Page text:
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This one, carved into the flesh of my outer right thigh, is the oldest. A gouge from a rusty nail protruding from the side of a friend’s house when I was four, encountered in pursuit of the best hiding place ever. My older sister slapped a band-aid on it and didn’t tell our mom. By the time she found out, it was too late for stitches; the doctor boostered my tetanus and sent us home. You can see from the breadth of it how badly it healed.

This one here by my elbow fared somewhat better. I cut that down to the white on the pointed edge of a metal fence while seeking a break in the wire that would let us down to the river, the vast, wild waterway calling seductively out to the youth of our neighborhood from the base of the hill behind the old chemical plant. My sister slapped a band-aid on it and didn’t tell our mom. But by then Mom was more alert to unexplained band-aids; ripped it off suspiciously and dragged me sulking to the hospital before it was even dark outside. The stitches worked their medicinal magic; the scar barely shows at all now.

For the longest time there was one here, between my thumb and forefinger. It miraculously vanished just a few years ago, as if it had decided it was finally time to let go of me, or perhaps to let me go on without it. I severed an artery with my elementary-school scissors and nearly died. As always, Mom had come to my rescue; she’d forgotten her car keys and traipsed unheard back up the noisy wooden steps to our apartment to find me lying in a pool of blood. The strange scar rarely bothered me, but the image of that spreading pool and young-girl-me lying bloodstained in it did. I used to imagine it whenever I saw that odd, fleshy bump projecting from the crease of my hand. Sometimes I still do.

Although you can’t see it now because of the hair, there’s probably one up here along the side of my head, too, from where I cracked it open when I was six. I don’t remember how many stitches I got, but it was a lot. I was jumping on the bed, quite gleefully, as I recall, as is only natural when you’re six and have recently discovered the wonders of jumping on the bed. It was the dismount that got me: a less-than-stunning feat of gymnastic grace that concluded with a painful crash against the edge of my dresser. I didn’t cry, my mom assured me years later. Not until she told me I was bleeding. I pressed that royal blue bath-towel up against my skull to staunch the blood all the way to the hospital, not sulking this time; in too much pain to be bothered about losing my playtime. In the emergency room I recovered my spirits and my bravery; laughed off the creepy feeling of the needle tugging against my scalp as I got sewed up again. But after that I didn’t jump on the bed anymore.

Here on my shin is the biggest, yet least noticeable one. That I got climbing a hill of broken-up concrete at a poorly-guarded construction site, recklessly racing my fleeter-footed friends. I tripped hard, slamming my shin-bone and shallowly scraping several square inches of skin, which bled all over my new white socks with the pink pom-poms on their heels. The skin healed pretty well but if you look at my leg sideways, you can still see the dent in the bone.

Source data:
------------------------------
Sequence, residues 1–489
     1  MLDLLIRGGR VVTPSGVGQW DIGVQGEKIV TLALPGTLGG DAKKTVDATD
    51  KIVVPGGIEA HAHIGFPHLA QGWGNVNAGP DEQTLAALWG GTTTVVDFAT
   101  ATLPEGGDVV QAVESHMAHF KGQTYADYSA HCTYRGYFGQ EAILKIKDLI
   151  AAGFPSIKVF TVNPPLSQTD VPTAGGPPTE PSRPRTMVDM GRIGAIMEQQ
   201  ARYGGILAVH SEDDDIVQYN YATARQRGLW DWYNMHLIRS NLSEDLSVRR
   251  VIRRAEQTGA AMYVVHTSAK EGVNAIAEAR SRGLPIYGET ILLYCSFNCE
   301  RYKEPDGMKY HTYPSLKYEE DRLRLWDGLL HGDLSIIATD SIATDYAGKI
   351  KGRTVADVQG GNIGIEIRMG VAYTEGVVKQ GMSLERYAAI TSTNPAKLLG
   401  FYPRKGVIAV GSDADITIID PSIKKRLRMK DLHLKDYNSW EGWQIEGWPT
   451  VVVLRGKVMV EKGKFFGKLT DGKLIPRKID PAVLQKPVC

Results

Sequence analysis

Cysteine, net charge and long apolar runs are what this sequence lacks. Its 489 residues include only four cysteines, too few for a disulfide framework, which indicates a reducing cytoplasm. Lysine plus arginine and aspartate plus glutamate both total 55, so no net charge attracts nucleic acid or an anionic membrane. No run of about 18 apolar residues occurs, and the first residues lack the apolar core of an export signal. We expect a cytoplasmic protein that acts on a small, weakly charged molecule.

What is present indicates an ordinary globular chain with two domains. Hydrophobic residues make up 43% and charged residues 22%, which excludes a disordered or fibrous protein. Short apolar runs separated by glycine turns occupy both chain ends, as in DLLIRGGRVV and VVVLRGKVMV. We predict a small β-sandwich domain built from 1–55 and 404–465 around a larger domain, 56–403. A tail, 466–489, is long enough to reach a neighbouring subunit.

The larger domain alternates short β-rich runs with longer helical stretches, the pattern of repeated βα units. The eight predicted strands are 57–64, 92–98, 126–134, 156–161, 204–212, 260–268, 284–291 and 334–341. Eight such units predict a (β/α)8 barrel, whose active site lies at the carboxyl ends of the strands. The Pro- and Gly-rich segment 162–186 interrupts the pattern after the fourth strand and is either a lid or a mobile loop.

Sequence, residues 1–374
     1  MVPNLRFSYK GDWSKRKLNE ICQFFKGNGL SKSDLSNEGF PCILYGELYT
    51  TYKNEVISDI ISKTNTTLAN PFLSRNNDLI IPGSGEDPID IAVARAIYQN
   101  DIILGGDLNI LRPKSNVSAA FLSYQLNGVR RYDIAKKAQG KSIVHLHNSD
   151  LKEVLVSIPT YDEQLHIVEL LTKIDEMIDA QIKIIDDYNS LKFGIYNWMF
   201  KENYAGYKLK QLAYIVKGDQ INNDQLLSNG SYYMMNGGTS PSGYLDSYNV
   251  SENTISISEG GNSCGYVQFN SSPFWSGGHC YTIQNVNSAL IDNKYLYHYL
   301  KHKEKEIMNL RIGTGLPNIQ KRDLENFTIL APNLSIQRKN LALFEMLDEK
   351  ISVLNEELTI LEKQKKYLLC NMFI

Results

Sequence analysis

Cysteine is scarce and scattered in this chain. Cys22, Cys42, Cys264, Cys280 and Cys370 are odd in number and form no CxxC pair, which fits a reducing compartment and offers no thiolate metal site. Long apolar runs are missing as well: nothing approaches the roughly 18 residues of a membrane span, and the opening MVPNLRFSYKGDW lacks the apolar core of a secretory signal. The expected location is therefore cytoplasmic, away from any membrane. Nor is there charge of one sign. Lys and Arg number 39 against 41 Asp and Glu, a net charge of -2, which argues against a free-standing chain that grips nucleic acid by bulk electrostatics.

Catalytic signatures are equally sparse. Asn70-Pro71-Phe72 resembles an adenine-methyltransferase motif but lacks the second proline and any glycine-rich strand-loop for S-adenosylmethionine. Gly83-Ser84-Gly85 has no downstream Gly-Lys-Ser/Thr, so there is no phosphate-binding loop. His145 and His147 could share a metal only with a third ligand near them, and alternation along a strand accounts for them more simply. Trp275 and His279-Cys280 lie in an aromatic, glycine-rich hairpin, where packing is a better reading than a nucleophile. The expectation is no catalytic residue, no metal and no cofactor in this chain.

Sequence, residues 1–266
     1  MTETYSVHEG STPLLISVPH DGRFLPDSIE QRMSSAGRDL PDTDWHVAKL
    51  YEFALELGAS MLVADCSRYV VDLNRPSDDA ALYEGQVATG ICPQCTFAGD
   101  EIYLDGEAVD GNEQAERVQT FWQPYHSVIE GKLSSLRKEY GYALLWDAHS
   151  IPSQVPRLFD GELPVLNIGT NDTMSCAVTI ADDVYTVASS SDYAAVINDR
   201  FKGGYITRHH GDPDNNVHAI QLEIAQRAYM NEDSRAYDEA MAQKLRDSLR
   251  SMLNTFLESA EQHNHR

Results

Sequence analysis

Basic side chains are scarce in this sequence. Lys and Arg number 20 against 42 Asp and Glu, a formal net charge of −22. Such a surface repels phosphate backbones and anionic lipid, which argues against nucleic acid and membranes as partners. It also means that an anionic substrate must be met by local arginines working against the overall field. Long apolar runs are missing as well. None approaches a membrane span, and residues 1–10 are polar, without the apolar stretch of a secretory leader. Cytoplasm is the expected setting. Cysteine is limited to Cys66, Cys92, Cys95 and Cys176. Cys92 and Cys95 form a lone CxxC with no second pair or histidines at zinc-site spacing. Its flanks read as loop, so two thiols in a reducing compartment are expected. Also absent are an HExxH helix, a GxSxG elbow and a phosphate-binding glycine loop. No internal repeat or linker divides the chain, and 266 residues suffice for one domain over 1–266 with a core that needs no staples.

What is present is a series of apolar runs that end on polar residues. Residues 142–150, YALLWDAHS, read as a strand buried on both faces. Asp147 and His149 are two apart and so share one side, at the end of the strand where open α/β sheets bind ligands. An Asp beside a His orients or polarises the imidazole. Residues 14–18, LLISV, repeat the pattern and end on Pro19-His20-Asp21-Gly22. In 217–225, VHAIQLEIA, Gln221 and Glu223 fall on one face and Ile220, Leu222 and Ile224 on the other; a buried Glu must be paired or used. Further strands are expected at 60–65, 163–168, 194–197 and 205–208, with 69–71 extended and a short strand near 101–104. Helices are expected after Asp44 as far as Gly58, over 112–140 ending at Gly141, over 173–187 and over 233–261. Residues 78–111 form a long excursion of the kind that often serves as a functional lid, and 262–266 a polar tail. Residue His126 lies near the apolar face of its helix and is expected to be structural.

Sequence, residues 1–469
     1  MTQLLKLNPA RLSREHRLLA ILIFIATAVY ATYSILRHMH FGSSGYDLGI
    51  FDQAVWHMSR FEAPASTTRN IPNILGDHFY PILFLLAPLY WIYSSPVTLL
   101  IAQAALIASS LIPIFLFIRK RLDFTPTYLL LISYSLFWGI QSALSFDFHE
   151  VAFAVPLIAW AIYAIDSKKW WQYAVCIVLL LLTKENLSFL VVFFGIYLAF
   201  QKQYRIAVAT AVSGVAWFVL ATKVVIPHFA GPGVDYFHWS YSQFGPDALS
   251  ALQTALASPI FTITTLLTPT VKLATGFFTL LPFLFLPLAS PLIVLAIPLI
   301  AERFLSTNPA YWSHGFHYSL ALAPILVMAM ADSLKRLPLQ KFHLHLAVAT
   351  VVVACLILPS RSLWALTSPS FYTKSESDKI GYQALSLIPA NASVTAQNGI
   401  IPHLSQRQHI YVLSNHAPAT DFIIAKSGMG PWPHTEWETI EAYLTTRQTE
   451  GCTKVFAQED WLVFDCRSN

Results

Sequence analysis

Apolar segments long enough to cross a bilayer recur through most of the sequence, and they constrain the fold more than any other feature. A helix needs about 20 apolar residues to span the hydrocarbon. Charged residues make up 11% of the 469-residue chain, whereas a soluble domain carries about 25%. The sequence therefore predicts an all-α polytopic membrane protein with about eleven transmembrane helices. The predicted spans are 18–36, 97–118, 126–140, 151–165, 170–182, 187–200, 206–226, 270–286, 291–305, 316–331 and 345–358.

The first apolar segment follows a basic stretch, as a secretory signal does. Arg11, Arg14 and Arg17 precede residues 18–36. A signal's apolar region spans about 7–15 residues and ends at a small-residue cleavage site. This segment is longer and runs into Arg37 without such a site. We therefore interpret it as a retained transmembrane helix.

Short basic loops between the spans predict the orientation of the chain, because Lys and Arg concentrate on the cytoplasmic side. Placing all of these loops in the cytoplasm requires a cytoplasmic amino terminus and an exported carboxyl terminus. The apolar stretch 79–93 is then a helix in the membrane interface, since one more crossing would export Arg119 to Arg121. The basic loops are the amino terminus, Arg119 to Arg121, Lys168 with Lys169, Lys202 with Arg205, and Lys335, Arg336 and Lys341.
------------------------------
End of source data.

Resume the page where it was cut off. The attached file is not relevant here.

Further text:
This white spot on my knee? The consequence of a stupid biking accident when I was twelve. I wasn’t looking where I was going and pedaled absentmindedly right into a parked car and pitched sideways onto the asphalt, more concerned with how ridiculous I looked than with the asphalt abrading and invading my kneecap. I slapped a band-aid on it and didn’t tell my mom.

This little one on my wrist came upon me slyly, unexpectedly. I was wrestling in our high-school stairway with a boy who maybe liked me, whom I maybe liked back, wrestling over the dime I was supposed to use to call my mom when band practice was over and I was ready to come home. It was the dime that got me, tearing a tiny rectangle in my flesh that refused to seal. I’ve never forgotten that boy or how I got the scar that bears his name.

I acquired this one on my foot quite innocently in my early twenties; snagged it on the sharp steel edge of the crappy refrigerator in my crappy studio apartment. I didn’t even get a decent story out of it, and stitches and tetanus shots were old hat by then.

It’s been years now since I’ve gotten any fresh scars. There’s one on my back from where I had to have a cyst removed nearly a decade ago. One day there will be some surgical ones around my shoulder, when that stops working altogether. And probably a bunch along the sides of my knee, when they finally have to go in and fix that, too. Intentional scars. Planned, not incidental ones.

I suppose it means I’ve grown wiser, wise enough to avoid actions and situations that are likely to culminate in soft tissue forever marred by irreversible scars. Wiser than the child who didn’t fear the scars; who hadn’t yet learned to fear.

Still, it seems a shame, having no new points of interest to highlight within the map of my body. Maybe one day I’ll again be willing to risk my skin: take up skateboarding, whitewater rafting, ice hockey. My tetanus is up-to-date. And scars don’t hurt, after all. They’re merely dead marks on the skin, cautious reminders of mindless stupidity or unlucky accidents. And every so often, bold badges of courage.